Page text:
Sun rises, quickly sets on tax policy during Senate hearing

The sun never sets in Carson City, and yet there is so little illumination.

Nearly 13 months to the day that Gov. Brian Sandoval signaled he wanted to spend more than the state’s economic forecasters believed would be available – i.e. making sure so-called tax sunsets would not occur -- his administration presented the actual legislation to lawmakers on Monday.

Call it a tax increase or call it a tax extension – Sandoval has been on both sides of that argument. But during a brief Senate Finance Committee hearing in which essentially no one testified against the proposal and a few legislators indicated how silly sunsets are, all the indications are the levies will continue, no substantive tax policy will be enacted and Gov. Sunny will sign a bill that allows him to keep shining.

The committee took no action, a metaphor for tax policy in this state. I'm sure it will be held for the endgame, a precious bargaining chip.

And thus will the biennial ritual continue: Lawmakers talk a good game – and boy, did they talk BIG this time – about getting serious about real tax reform and serious policy, only to fall into a morass of partisanship and myopia, culminating with a budget number and an obnoxious, disconnected mélange of gimmicks to fund it.

When Sandoval made the announcement that he would not allow certain taxes to expire, he hoped to satisfy concerns about cutting education while short-circuiting any serious tax debate in the 2013 Legislature. With only 49 days left in the session, he seems to have accomplished both missions, as Monday morning’s all-too brief debate indicated that too many lawmakers have bought in to this goofy, repetitive sunset repeal strategy while floundering about for a plan of their own to increase taxes even more.

Whether you believe Sandoval’s extension is a tax increase or not – he believed it was in 2010, then changed with a shove from the Supreme Court in 2011 and reaffirmed his second position a year ago – it remains a policy abomination.

The semantic argument is a waste of time and gray matter; Sandoval wanted to spend more, so he either increased taxes or extended taxes to do it. As Senate Finance Chairman Debbie Smith pointed out Monday morning, this is not the way to run a government, careening biennially to near-crisis and having to renege on commitments (yes, that’s what extending a sunset is) to allow taxes to go down. But Smith and Majority Leader Mo Denis, who did his impression of Oliver Twist (“Please, sir, may I have some more”) when Sandoval made his announcement last year, have yet to produce any tax plan to fund what they say are educational and other necessities.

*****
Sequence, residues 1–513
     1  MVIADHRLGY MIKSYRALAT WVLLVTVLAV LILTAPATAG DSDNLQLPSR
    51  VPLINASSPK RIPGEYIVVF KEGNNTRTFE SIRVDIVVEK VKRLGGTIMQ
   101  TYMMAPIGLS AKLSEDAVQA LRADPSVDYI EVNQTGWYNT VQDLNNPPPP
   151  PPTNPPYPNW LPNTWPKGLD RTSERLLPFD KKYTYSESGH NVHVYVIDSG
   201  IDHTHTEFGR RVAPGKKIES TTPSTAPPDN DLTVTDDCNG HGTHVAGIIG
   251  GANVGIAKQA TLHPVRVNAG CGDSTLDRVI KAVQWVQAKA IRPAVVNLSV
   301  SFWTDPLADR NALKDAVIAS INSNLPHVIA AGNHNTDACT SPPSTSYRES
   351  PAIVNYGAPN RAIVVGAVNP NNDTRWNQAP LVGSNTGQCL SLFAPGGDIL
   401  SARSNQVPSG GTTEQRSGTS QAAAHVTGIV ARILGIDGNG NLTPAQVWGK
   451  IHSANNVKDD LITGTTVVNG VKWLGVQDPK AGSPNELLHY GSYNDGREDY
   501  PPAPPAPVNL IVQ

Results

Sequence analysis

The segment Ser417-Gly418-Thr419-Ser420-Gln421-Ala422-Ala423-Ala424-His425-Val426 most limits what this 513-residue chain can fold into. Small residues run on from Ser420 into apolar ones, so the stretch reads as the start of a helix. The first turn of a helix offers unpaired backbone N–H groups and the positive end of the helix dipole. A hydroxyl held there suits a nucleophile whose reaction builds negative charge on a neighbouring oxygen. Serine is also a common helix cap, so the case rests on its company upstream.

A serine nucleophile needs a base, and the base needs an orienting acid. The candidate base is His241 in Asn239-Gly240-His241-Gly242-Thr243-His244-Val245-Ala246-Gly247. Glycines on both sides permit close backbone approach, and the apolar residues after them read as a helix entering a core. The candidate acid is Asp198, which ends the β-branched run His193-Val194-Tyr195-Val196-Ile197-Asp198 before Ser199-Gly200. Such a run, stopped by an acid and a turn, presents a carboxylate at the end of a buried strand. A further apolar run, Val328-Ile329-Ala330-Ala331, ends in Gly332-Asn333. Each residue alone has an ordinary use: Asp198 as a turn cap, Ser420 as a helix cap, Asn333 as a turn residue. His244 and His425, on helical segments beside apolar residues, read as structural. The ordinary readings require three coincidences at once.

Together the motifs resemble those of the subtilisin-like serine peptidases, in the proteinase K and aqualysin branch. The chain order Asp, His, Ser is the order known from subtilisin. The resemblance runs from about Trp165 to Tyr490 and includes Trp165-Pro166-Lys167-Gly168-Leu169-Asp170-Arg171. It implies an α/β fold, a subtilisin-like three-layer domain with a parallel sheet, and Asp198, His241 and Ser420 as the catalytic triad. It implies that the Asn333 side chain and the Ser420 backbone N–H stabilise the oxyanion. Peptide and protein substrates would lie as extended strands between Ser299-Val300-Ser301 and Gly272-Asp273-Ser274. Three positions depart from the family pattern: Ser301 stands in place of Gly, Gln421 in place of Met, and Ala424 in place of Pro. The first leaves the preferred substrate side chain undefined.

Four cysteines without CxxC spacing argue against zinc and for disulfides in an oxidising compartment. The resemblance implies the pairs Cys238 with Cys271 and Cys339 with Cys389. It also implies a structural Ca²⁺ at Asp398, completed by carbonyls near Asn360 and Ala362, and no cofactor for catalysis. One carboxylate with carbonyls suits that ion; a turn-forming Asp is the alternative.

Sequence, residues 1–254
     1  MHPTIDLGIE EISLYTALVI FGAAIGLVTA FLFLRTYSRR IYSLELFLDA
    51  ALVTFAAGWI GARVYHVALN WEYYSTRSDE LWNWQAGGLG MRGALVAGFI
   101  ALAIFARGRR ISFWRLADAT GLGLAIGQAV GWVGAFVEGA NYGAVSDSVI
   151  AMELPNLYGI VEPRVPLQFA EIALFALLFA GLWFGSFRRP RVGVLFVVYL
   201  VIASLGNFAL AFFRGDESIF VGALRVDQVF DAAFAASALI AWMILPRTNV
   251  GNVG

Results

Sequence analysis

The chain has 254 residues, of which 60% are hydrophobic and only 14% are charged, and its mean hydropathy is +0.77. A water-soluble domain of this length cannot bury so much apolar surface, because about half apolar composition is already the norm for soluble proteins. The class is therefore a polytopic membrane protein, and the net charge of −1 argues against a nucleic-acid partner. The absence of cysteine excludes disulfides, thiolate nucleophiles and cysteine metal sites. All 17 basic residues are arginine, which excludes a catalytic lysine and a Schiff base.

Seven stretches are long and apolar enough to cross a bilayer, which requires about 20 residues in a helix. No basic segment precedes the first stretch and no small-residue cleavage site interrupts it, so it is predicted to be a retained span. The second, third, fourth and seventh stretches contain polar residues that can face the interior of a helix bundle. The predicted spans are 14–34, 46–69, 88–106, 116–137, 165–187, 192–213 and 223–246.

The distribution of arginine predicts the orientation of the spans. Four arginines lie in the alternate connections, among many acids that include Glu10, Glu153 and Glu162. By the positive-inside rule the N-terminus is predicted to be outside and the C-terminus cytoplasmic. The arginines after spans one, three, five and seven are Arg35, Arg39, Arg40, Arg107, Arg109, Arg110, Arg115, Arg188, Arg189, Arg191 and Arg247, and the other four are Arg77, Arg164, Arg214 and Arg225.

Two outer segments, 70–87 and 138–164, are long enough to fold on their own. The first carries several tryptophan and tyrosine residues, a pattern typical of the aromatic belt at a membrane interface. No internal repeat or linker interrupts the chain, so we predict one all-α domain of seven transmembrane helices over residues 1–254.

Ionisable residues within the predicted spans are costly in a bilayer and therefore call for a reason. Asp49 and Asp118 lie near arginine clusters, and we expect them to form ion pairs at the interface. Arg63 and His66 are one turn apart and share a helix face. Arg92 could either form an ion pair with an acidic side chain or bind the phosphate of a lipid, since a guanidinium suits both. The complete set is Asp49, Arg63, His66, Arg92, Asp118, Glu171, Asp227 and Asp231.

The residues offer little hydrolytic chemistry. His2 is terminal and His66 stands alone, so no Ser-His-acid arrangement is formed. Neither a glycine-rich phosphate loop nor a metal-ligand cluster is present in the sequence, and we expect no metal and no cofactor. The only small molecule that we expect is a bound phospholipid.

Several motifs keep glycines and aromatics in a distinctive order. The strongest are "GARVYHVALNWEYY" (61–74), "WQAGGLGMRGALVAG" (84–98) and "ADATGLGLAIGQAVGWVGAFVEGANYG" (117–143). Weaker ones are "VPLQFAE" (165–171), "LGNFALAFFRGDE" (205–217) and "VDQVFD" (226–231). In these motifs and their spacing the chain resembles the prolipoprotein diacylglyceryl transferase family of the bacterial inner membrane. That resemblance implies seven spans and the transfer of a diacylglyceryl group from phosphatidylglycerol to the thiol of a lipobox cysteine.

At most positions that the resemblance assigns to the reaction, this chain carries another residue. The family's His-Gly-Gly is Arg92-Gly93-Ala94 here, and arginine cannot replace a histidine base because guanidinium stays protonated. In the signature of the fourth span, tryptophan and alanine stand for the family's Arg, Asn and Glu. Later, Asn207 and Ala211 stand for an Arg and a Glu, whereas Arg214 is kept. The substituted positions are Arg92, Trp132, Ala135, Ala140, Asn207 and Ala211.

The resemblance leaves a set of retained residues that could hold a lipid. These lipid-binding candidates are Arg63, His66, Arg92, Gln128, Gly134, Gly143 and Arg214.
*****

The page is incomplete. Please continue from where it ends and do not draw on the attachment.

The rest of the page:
Let’s also not forget that Sandoval’s announcement last year was to extend $600 million in taxes on payroll and sales taxes.  “In addition to avoiding further cuts to education, this decision means there will be no need for tax increases in the next session,” he said on March 13, 2012, a prelude to his enduring spin about the sunsets: “Nevadans will pay no more than they are in the current biennium.”

Sandoval would, for the second time, allow taxes that were expiring -- or as we so quaintly call it, “sunsetting” – to not go away. It seemed somehow fitting that the governor who always radiated optimism would not let the sun go down. Gov. Sunny wanted the sun to shine

Make no mistake, though: Sandoval is spending a lot more than he could have in the current biennium. The bill that Sandoval's office presented Monday was for two-thirds more than the amount he announced last year -- $1 billion. Besides the sunsets, that number comes from reconfiguring payment dates for mining taxes and subverting the intent of a teachers union initiative petition by pilfering money from the schools fund. (This brought the only real objection, from the Nevada State Education Association, whose lobbyist, Craig Stevens, nevertheless supported the money from the sunsets.)

To be fair, many governors have employed budget gimmickry so they don’t have to raise taxes – or can at least claim they did not. But with the session almost two-thirds over, Sandoval has been able to sit back in his office, a world within and a state apart if you will, and let lawmakers do what they do best: dither.

Only in the Carson City Cloister can a governor spend about a billion extra dollars and look as if he is worshiping at the conservative altar next to a Legislature that always is passing the donation cup but rarely will come up with a thoughtful way to fill it up. Thus we have the biennial scramble at the end to cobble together some tax package to reach an arbitrary number that everyone can accept.

What a system.

Many of these lawmakers are well-intentioned. But you know where that road terminates.

Yes, I know the speaker is coming with an admissions tax that will bring more payees into a narrow tax system that is not reflective of the state’s economic activity. Fine.

But that is not the answer. Nor is a mining tax. Nor is a margins tax via the ballot.

But my guess is the admissions tax can raise enough money to fund some things the Democrats (and some Republicans) want – all-day kindergarten, for example. And so we can put off – again – a discussion of how to really broaden the tax base so all of the free riders can be brought into the mix as gaming goes Asian and sales taxes remain narrow.

The Economic Forum meets again in two weeks. My guess is the forecasters won’t change much, but will sound notes of optimism about the economy.

And during the last month of Session ’13, lawmakers will throw something together, Sandoval will still be optimistic and the sun will not set in Carson City.